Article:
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When It’s Time to Blow the Whistle


The following is an excerpt from PETER VAN BUREN | February 18, 2017 | Nytimes.com |

“The spotlight has finally been put on the lowlife leakers! They will be caught!” So tweeted President Trump on Thursday morning after a week when his administration had been shaken by reports based on information from anonymous sources inside the government and intelligence agencies. On Monday, such revelations had led to the resignation of Michael T. Flynn, the national security adviser.

Further reports about repeated contacts between members of the Trump campaign team and Russian officials also caused the president to reverse his pre-election stance — “I love WikiLeaks!” — and issue tirades against “illegal” leaks and the “criminal action” of leakers. It’s no surprise that Mr. Trump, in office, wants to stem this flow with threatened retaliation, but if you’re a government employee who knows something, what are you thinking?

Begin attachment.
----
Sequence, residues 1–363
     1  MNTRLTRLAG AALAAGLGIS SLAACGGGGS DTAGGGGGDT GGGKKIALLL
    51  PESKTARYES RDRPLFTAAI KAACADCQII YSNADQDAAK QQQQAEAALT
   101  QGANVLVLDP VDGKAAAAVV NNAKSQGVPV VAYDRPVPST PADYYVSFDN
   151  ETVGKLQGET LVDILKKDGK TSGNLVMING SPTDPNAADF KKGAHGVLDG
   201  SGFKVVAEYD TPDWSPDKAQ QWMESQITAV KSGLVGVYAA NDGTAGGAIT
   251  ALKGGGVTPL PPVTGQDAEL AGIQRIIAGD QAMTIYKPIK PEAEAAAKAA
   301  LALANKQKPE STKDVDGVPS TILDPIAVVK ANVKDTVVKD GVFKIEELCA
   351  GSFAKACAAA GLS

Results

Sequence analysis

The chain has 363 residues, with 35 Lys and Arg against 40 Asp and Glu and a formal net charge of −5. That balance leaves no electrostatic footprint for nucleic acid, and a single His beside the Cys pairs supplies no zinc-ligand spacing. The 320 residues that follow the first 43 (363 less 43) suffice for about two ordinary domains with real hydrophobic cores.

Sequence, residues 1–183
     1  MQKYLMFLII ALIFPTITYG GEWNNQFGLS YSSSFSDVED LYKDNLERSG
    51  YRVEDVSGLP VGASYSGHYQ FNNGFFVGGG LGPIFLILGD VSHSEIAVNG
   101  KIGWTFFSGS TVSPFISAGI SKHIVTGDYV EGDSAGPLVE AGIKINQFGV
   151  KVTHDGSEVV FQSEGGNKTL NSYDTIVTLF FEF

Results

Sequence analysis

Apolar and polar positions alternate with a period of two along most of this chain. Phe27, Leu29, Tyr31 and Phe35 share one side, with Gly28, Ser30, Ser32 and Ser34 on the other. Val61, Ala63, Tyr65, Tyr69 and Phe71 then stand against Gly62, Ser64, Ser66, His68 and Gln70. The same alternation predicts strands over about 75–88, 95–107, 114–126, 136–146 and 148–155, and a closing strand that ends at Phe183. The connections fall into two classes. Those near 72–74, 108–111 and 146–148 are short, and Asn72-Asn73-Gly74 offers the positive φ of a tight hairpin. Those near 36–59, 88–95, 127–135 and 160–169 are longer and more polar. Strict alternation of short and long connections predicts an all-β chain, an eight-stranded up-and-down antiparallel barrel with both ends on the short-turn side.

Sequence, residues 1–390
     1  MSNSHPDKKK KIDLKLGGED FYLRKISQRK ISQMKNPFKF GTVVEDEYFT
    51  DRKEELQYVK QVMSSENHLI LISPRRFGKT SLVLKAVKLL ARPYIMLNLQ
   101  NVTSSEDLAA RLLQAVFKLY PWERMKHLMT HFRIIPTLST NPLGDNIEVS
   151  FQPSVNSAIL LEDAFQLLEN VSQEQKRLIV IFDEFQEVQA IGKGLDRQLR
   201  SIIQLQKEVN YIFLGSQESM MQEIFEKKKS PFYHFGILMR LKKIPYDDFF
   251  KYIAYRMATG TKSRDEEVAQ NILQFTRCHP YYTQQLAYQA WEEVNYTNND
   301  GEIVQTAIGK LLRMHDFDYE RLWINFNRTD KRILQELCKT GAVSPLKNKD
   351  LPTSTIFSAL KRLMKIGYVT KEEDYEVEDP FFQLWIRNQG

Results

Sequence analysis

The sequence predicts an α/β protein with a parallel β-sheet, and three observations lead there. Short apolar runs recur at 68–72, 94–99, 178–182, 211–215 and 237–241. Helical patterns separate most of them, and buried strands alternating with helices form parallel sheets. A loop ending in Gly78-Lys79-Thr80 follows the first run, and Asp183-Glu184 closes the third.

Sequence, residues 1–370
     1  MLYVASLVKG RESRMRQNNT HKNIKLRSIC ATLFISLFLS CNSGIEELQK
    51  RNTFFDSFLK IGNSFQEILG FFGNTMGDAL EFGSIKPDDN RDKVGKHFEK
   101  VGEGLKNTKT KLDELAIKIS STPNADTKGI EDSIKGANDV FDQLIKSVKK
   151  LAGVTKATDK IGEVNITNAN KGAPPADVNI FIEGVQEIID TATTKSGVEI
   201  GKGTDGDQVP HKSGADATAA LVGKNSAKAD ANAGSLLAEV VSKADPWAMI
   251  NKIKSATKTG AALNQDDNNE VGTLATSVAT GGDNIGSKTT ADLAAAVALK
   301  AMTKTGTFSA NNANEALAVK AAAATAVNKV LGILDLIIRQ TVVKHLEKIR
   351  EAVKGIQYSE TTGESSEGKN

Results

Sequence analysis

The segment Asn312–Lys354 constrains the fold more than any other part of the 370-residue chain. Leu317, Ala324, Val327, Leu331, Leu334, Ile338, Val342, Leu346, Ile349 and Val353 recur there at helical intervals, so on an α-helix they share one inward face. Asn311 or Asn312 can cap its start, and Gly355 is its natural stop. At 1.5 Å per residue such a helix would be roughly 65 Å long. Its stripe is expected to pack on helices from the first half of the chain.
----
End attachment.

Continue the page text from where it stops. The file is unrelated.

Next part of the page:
To leak or not to leak? Will you blow the whistle and expose wrongdoing?

I know something about the decision you’re weighing. With 21 years of service at the State Department as a foreign service officer, I was assigned to wartime Iraq from 2009 to 2010 to manage two provincial reconstruction teams. Their purpose was to help rebuild the country, in hopes that the young men then joining the insurgency would cease fighting and discover that they had a stake in a Pax Americana.

It was a difficult task, perhaps naïvely optimistic from the start. I quickly learned that despite the good intentions, the extraordinary amount of money spent and the importance of the project, it was not well thought out.

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